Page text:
3. Radian6. Back in 2009, RWW's Marshall Kirkpatrick examined Radian6 for the first time - a kind of social media dashboard offering live heuristics for the instances that certain terms (especially brand names) get mentioned on social services like Twitter. At the time, it looked like an interesting curiosity, especially for people whose hobbies are to "keep score at home." What was it really for? A Radian6 product manager told Marshall that the direction for the product was "adding CRM."

Maybe someone at Salesforce.com was using Radian6 at that very moment. Though it might not have seemed so at the time, Salesforce's acquisition of Radian6 ended up being one of the most important enterprise news stories of the year. If anyone has proven it knows how to avoid burying an acquired product under the rug, it's Salesforce. Now the product has become a genuine platform, with apps being built around it and distributed on Salesforce App Exchange.

Now, Radian6 is more than just a dashboard for the curious. Social marketing specialists can utilize the tool to alert them when online chatter around a certain topic has reached a critical threshold. It can trigger actions en masse, such as couponing individuals who seed positive comments on a product. And its instantaneous demographics that align tweeters and Facebook users with their respective market segments, has already crossed the borderline into scary territory.


2. Hortonworks Hadoop. It wasn't quite two years ago when Hadoop was essentially a side project at Yahoo, incorporating some code from a side project at Google. Today (although it's a terribly mixed metaphor) the Hadoop elephant has leap-frogged over high-availability database projects at Oracle and Microsoft to become the de facto solution for hosting big data in parallel.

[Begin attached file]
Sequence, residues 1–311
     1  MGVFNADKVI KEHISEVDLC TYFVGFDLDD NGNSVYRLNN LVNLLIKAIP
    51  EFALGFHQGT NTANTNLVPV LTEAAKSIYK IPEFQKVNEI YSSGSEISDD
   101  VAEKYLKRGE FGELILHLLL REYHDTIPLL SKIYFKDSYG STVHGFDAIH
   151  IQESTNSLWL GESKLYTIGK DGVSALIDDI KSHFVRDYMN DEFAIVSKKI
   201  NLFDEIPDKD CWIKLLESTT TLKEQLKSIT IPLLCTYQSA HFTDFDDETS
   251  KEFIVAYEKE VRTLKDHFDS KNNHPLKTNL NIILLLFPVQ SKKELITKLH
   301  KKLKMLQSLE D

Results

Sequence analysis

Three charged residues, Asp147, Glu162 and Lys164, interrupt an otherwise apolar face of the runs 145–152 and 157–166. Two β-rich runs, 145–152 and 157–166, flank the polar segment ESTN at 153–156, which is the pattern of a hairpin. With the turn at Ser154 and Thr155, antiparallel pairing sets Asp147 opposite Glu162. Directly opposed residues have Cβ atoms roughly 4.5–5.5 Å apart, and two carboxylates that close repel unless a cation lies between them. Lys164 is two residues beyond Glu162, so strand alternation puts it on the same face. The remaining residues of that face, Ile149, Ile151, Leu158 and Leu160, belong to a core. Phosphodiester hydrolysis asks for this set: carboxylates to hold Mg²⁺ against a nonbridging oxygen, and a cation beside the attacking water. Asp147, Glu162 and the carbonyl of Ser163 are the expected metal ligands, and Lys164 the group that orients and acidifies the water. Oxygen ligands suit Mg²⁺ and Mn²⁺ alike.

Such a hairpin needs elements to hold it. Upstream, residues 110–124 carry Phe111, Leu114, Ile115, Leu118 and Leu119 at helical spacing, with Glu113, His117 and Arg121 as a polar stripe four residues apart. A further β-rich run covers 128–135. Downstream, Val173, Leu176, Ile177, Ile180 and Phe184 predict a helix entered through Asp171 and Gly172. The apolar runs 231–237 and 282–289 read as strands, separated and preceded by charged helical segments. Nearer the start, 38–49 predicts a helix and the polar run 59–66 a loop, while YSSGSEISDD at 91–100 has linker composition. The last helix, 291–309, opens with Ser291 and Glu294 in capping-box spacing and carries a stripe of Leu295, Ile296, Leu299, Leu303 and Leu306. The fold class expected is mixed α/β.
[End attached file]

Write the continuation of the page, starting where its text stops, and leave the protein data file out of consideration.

It gets confusing when an open source project is stewarded by more than one commercial provider, as our Joe Brockmeier reported in October. The Yahoo engineers largely responsible for its creation have formed Hortonworks, and it is they who launched the Hadoop cloud platform in November. Now, with the assistance of commercial partners such as Informatica, developers can deploy extraordinarily large data sets in a cloud configuration with high reliability - much more reliable than the hardware it runs on.

"Hadoop was built from the bottom up to be built on very low-cost commodity hardware," Hortonworks CEO Eric Baldeschweiler told RWW in October. "It's built with the assumption that the hardware it's running on will break, and that it must continue to work even if the hardware breaks." Which implies a lot, given that one of the other biggest enterprise cloud news stories of the year was Hortonworks' partnership with Microsoft to bring Hadoop into Windows Server, possibly as a role for System Center.


1. Heroku. In little more than a year, the service that had been considered the pioneer platform-as-a-service, Microsoft Windows Azure, was left in the dust as an also-ran by yet another Salesforce acquisition.

Heroku quite literally tries to fill the large, and widening, void left over when computers stopped including built-in BASIC interpreters. Rather than presenting itself as a battery of stand-alone servers built for doing scheduled jobs on complex agendas, Heroku is a managed code interpreter for a growing bouquet of languages, some of which (like Clojure and Scala) are only just now entering the common vernacular. Such languages are clearly better suited for quick deployment of Web-based functionality than the dependency-heavy C++, C#, and Visual Basic which comprise the brunt of the .NET languages Microsoft supports in Azure.

What's more, the Heroku add-ons ecosystem is already in full bloom, even with support for apps and services like MongoHQ that utilize cloud platforms other than Heroku itself. Last October, Heroku CEO Byron Sebastian told me that his goal for the service is simply to enable developers to push code to the cloud using git push and have it run. There's no agenda for the promotion of any single language platform (including Ruby on Rails, on which the service was founded, and whose creator is now a Heroku employee). "We differentiate ourselves at the level of our cloud app platform, rather than at the level of languages and frameworks," Sebastian said, "because we believe that openness is an important principle in our industry. It's in our blood."

Well, the enterprise cloud is in our blood now, too. And at this rate, it will probably be in our bones and muscles before the end of 2012.